What the illustration students of Westminster lack in terms of proximity to town (did you know they are actually based way out in Harrow, stomach despite the name of the college?) is made up with access to a huge space in the central London wing of the college, opposite Madame Tussauds in Marylebone. The hangar-like P3 is hidden down a long grimy outside passage that wends past broken bits of furniture and it’s a huge space, big enough for a massive rave. I entered at the top gallery, which gives the most brilliant view of the whole exhibition. Unfortunately it also somewhat swallows the work of smaller artists such as illustrators…. to see them I had to venture down into the bowels and investigate further.
This graduating year is a small one because it lost nearly two thirds of its students after a fire forced them to miss large parts of their first year. Presumably a lot of them just simply got fed up with the lack of facilities and ventured off to pastures new. The current students are lucky enough to be tutored by two of my former Brighton University contemporaries, Simone Lia and David Foldvari, and last year’s crop have done sterling service on my blog, regularly contributing illustrations for my website and working collaboratively on interesting projects since their graduation.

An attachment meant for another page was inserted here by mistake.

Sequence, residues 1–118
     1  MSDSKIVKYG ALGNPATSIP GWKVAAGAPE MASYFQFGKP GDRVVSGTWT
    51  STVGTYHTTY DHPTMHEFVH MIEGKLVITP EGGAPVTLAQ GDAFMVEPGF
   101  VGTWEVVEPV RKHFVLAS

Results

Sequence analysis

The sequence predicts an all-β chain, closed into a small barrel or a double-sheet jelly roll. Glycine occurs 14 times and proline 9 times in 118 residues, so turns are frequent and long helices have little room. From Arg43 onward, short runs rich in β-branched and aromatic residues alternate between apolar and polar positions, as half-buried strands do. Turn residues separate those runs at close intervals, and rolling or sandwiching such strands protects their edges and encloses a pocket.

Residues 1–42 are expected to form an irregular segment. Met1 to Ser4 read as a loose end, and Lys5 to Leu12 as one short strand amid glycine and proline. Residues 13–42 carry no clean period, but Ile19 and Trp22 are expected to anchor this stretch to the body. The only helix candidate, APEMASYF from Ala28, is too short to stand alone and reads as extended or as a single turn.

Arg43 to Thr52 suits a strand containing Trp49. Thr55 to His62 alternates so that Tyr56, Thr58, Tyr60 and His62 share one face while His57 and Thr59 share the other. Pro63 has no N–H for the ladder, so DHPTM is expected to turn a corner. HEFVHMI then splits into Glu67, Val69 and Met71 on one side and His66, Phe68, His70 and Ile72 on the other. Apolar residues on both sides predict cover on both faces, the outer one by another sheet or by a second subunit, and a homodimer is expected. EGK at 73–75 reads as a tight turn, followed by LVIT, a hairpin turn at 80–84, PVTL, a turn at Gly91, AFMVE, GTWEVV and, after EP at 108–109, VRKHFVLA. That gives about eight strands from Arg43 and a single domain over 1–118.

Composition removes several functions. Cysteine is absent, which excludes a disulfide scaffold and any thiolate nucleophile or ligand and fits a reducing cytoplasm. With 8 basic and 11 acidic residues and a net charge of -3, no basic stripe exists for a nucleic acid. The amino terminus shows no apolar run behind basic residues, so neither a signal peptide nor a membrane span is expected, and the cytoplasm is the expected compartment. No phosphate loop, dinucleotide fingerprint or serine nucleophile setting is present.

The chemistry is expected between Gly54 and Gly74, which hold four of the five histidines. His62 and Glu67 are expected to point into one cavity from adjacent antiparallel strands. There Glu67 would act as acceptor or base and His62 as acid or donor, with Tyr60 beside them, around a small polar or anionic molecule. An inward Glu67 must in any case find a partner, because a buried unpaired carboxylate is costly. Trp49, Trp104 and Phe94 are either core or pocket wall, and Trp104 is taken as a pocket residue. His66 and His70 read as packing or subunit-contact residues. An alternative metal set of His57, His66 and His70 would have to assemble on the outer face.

The layout of this exhibition did not make it easy to look around – I was unable to pick up a business card next to the walls where the students’ best work was displayed – instead visitors were encouraged to go to the tables and peruse their portfolios to pick up any more than the most basic of information. I think this was a mistake. Bear this in mind, students who have yet to display your final work! Professionals have only the smallest amount of time to look at graduate work, and if they can’t find the information they want to hand then they are likely to simply move on, much like those first year Westminster students who flew the coop.
Illustration by Tim McDonagh.
Some of the best work on show was that of Tim McDonagh, who produced large prints of densely detailed animals in a limited colour palette. Multiple owls peer through an oak tree with devilish yellow eyes and a dead rabbit lies prostrate in the entangled undergrowth. This is the kind of work which can only be made by someone who feels a really close affinity with the natural world, so it came as no surprise to learn that Tim was homeschooled in an intentional community in Virginia, in the east of the US. I hope we’ll see more of his work on this blog soon.